Traditionally, most Amigas were intended to boot from a floppy disk. . An Amiga can readily make its own boot floppy, but only once it’s already booted up. If you don’t have a floppy ready to go, you’re out of luck, as PCs can’t readily make them for Amigas. [Roc] whipped up the amigaXfer bootstrapping method to solve this very problem.
Available on Github, the amigaXfer tool is able to perform several tasks with an Amiga via its serial port. The Amiga must first be turned on while plugged into another computer running amigaXfer via serial connection. When the Workbench floppy prompt comes up, the CrashEntry feature on amigaXfer should be triggered, and the BERR and GND pins on the Amiga’s 68000 CPU should be connected just for a split second, triggering the Amiga to go into a special serial debug mode. This enables amigaXfer to take control, allowing a disk to be formatted and written with a debug bootblock, and this disk can then be used to boot the Amiga without the need for the hack.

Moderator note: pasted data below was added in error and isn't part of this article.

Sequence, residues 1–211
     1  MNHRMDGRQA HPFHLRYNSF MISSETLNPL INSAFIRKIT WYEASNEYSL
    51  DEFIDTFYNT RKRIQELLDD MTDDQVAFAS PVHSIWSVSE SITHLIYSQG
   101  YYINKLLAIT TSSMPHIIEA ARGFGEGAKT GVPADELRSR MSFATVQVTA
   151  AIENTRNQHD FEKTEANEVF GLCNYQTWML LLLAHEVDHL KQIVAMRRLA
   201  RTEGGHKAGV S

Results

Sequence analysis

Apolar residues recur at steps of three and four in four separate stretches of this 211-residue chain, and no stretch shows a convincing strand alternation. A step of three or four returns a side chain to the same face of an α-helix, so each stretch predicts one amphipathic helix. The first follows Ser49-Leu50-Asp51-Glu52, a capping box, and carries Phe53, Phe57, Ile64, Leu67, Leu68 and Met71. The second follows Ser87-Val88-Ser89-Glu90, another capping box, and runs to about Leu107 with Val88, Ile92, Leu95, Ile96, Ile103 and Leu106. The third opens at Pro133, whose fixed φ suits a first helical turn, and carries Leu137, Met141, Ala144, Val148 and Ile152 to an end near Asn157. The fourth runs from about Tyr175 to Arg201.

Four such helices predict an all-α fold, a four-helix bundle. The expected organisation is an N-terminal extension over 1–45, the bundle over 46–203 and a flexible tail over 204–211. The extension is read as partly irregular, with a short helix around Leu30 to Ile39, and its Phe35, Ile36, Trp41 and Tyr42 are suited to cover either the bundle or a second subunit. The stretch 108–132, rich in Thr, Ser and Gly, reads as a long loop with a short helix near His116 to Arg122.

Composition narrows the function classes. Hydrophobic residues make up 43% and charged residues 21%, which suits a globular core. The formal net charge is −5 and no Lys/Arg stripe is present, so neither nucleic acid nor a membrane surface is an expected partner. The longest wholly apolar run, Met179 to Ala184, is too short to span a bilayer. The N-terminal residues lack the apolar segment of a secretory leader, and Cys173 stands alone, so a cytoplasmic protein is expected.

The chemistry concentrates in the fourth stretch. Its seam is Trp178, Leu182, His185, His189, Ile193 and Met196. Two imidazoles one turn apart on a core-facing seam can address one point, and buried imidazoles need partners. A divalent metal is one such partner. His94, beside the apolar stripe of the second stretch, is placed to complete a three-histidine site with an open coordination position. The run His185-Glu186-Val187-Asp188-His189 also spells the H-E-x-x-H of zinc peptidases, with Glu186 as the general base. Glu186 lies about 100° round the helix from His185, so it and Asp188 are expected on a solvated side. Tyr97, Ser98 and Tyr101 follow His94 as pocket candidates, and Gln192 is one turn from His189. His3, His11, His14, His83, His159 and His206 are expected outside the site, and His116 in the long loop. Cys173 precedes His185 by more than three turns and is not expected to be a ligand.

It’s a nifty way to get your Amiga up and running if you’ve just bought it off eBay and it didn’t come with any disks. From here, you can use amigaXfer to load other programs onto the Amiga via the same serial cable you used for the bootstrapping process, too. The hack isn’t limited to just the Amiga 500, either. It should work on a range of machines, including AmigaOS versions 1.x, 2.x, and 3.x.
Unlike the Commodore 64, we probably won’t see brand new replica Amigas anytime soon, but we c